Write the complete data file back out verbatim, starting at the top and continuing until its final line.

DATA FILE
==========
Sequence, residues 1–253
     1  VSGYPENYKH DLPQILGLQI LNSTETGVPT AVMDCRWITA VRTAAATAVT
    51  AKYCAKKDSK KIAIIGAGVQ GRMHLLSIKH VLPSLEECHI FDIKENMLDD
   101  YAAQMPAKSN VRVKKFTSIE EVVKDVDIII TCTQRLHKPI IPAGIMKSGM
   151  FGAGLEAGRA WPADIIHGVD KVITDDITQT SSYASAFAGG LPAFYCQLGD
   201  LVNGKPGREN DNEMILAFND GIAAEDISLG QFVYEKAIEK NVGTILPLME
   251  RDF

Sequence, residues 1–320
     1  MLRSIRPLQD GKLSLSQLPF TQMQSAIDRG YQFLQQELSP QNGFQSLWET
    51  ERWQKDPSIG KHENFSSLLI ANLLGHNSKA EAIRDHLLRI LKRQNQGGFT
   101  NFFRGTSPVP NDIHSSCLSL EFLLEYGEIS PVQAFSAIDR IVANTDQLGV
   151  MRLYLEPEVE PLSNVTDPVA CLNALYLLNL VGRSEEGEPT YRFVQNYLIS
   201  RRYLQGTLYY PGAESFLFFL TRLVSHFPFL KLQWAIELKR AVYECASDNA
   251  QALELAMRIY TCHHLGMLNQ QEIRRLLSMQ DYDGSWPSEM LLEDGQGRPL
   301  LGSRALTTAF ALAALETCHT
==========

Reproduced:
Sequence, residues 1–253
     1  VSGYPENYKH DLPQILGLQI LNSTETGVPT AVMDCRWITA VRTAAATAVT
    51  AKYCAKKDSK KIAIIGAGVQ GRMHLLSIKH VLPSLEECHI FDIKENMLDD
   101  YAAQMPAKSN VRVKKFTSIE EVVKDVDIII TCTQRLHKPI IPAGIMKSGM
   151  FGAGLEAGRA WPADIIHGVD KVITDDITQT SSYASAFAGG LPAFYCQLGD
   201  LVNGKPGREN DNEMILAFND GIAAEDISLG QFVYEKAIEK NVGTILPLME
   251  RDF

Sequence, residues 1–320
     1  MLRSIRPLQD GKLSLSQLPF TQMQSAIDRG YQFLQQELSP QNGFQSLWET
    51  ERWQKDPSIG KHENFSSLLI ANLLGHNSKA EAIRDHLLRI LKRQNQGGFT
   101  NFFRGTSPVP NDIHSSCLSL EFLLEYGEIS PVQAFSAIDR IVANTDQLGV
   151  MRLYLEPEVE PLSNVTDPVA CLNALYLLNL VGRSEEGEPT YRFVQNYLIS
   201  RRYLQGTLYY PGAESFLFFL TRLVSHFPFL KLQWAIELKR AVYECASDNA
   251  QALELAMRIY TCHHLGMLNQ QEIRRLLSMQ DYDGSWPSEM LLEDGQGRPL
   301  LGSRALTTAF ALAALETCHT